During the period from September 5 to 28, three sesshins (meditation retreats) were held at the Tahoma Zen Monastery. the first and third sesshin (kosesshins) had somewhat shorter meditation schedules while the second retreat, or osesshin was characterized by more intensive meditation. Among about fifty participants, 15 volunteered to have their brainwaves recorded. Of these, 13 were able to serve as subjects on two occasions–once before and once near the end or after the osesshin. The calendar below shows the dates on which each subject’s EEG recording was made. The ‘X’ indicates attendance at the sesshin; the color of the box indicates whether the meditation recording was before (yellow) or after (orange) the osesshin.
The protocol for the study had subjects sit quietly without meditating for 5 minutes (Pre), meditate for 15 minutes (Med), again sit quietly for 5 minutes (Post) for the recordings made before the osesshin. After the osesshin, subjects simply meditated for 15 minutes (After), without Pre and Post periods of non-meditation.
Results for individual subjects are available from a separate page.
It should be noted that conducting a study like this within the sesshin schedule was quite challenging. There is precious little time between the mandatory periods of formal meditation, meals, dharma talks, exercise and work. I applaud the subjects who volunteered to participate in the study during their short rest periods after lunch and dinner.
To ascertain whether there were any differences between not meditating and meditating, or differences between before and after the osesshin, two analyses were done. The first was a semi-quantitative analysis of peaks in the Power Spectral Density graphs for each of the intervals of interest. The method used to score this data is described in more detail in a previous post, Search for a an EEG Signature for Long-time Practitioners: Part III
The bar graphs below show the average score for all subjects as per four conditions: Pre and Post (intervals of not meditating), Med and After (intervals of zazen meditation before and after osesshin). Scores for peak prominence at left and right sensors were averaged to obtain values at the front and the back.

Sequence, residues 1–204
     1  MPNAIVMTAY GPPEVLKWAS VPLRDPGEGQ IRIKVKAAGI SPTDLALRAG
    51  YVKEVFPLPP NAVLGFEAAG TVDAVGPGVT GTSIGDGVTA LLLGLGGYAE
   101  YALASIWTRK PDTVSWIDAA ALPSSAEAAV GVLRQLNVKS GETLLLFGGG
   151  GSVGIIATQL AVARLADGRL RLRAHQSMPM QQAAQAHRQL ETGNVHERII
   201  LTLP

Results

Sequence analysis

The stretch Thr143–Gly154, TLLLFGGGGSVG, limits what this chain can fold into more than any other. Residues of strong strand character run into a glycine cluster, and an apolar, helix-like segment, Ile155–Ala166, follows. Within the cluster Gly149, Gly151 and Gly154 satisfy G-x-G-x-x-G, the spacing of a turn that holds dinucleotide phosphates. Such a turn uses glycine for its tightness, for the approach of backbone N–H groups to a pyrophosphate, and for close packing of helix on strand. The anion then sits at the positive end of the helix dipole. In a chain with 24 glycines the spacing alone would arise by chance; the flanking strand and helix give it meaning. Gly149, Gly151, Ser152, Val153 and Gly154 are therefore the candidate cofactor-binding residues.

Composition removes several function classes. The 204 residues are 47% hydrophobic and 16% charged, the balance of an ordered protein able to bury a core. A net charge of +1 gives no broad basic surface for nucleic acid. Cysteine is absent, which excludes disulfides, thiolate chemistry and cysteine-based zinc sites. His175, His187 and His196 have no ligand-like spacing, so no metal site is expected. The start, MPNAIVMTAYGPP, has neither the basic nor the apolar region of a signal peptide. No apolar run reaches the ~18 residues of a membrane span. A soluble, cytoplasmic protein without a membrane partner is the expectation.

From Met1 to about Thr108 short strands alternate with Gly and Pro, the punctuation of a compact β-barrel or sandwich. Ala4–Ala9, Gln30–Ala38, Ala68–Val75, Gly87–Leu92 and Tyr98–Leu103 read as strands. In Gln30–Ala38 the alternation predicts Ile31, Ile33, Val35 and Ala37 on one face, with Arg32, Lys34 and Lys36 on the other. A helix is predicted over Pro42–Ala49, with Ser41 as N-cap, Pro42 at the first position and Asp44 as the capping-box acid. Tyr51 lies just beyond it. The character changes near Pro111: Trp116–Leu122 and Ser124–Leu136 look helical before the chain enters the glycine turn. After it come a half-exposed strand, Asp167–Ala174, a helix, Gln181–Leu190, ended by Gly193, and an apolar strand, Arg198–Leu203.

Prominence of Peaks Analysis
Clearly, the prominence of the alpha peak at the back sensors ((TP9 and TP10) was higher during meditation (Med and After) than for sitting quietly without meditating (Pre and Post). It appears that beta peaks are also more prominent at the back during meditation compared to not meditating. It’s a little less clear what the story is at the front sensors.
The second analysis compared averages of band power for each of the standard EEG bands. The number plotted on the vertical axis is the average of the inverse logarithm (base 10) of the absolute mean power for the indicated band.
Average Power Analysis
By looking at overall power rather than the prominence of peaks, we are seeing something a little different. In the case of alpha power, we once again see that oscillations are much stronger at the back sensors than the front, which is what we had expected. But we are not seeing the difference between meditation and non-meditation that we saw in the analysis of peaks. In the case of beta power, front and back are not all that different. In comparing meditation vs. non-meditation it appears that if anything, beta power for non-meditation (Pre and Post) may actually be GREATER (though not by much) than for meditation (Med and After). The result is similar for both front and back sensors.
This seems to be a different story from what we concluded from the Prominence of Peaks analysis, suggesting that looking at peaks in the PSD spectrum may be more important than measuring overall mean power.